The economy dictates that the price of a product is formed when the offer meets demand. Also, there are other financial mechanisms used to determine prices and to regulate competitiveness on the global market.
On the other hand, the communist doctrine thought that the only way of distributing wealth was to form a so-called command economy, an organism that would determine how the resources should be spent.
Naturally, this type of economy will substantially increase the disparity between those who were in charge and the layman.
There are countless aspects which pointed out that this flawed system impeded the Soviet Union to manage its resources.
7. Mass Murder
From the rise of the Khmer Rouge group in Cambodia to Stalin’s rise to power, the history of communism is riddled with tales of atrocities committed against those who did not embrace the communist doctrine.
Famine, mass executions, overwork, are tools of the trade which shaped the communism blood-thirsty demeanor.
In the end, the society envisioned by Marx, Engels, Lenin, Stalin and others is just a utopia, making communism the grandest and most dramatic social experiment ever performed by humankind. From the lack of rights to obsessive control, communism was like a time bomb ready to explode at any moment.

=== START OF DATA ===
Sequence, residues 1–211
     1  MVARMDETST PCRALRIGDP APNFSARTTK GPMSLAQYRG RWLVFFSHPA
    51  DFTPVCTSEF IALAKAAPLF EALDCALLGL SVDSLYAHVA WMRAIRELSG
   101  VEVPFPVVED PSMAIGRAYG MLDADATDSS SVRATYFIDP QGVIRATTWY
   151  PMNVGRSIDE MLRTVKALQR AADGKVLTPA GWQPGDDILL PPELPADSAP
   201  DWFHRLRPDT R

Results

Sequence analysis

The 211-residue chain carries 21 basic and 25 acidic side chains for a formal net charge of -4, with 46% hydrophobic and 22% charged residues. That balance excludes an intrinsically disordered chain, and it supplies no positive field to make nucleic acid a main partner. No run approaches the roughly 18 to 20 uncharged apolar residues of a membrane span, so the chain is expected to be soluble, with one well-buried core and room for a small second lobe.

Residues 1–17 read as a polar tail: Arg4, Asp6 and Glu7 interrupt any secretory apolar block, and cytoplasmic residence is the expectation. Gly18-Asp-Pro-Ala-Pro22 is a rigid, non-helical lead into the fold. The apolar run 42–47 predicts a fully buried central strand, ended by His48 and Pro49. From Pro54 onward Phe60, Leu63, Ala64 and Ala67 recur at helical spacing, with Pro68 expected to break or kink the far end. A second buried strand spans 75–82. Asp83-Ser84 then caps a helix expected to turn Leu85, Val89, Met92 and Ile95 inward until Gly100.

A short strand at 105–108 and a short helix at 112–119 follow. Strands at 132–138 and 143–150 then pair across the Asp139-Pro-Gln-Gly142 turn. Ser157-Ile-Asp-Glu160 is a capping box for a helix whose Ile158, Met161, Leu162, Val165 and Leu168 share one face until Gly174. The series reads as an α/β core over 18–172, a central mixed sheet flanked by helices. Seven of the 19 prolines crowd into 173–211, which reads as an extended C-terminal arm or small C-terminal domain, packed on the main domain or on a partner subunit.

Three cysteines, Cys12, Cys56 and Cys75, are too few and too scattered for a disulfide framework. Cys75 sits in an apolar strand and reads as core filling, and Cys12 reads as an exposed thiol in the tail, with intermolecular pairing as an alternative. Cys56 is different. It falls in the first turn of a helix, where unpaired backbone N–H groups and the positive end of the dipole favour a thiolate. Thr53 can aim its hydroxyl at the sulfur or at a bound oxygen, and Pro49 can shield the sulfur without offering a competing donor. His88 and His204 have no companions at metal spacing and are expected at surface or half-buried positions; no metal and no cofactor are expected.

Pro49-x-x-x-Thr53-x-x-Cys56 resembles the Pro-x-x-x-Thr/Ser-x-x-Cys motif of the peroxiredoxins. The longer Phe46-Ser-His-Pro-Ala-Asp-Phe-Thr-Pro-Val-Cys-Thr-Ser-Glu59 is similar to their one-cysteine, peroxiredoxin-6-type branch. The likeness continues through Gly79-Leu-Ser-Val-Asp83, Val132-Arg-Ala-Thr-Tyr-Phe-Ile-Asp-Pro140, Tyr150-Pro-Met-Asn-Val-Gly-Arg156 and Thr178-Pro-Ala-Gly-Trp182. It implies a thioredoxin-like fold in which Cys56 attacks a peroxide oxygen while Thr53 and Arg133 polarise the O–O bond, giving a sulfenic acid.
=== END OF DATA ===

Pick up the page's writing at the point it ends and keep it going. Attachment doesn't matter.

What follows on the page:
The communist society founded on equality states that regarding remuneration, a factory worker earns as much as a neurosurgeon. Furthermore, people performing tougher jobs life working in the ER or handling a nuclear reactor did not receive incentives for their work, because that would anger the ordinary worker.
Without incentives, people performing tougher jobs will not be motivated enough to work better or to innovate.
10. Grounded on Tyranny
Like any despotical regime, communism was founded on tyranny, which entails the use of terror and fear as tools to control the crowd. History has proven on many occasions that every society based on oppression has rebelled against the regime.
What is your opinion on this? Why did communism fail, according to you? Feel free to share your thoughts in the comments below!
Images via WikiMedia.org
- 5 Negative Thought Patterns and How to Challenge Them - January 1, 2020
- The Five Buddha Families and How They Can Help You Understand Yourself - December 25, 2019
- The Four Noble Truths in Buddhism and What They Can Teach You - December 20, 2019
Copyright © 2012-2020 Learning Mind. All rights reserved. For permission to reprint, contact us.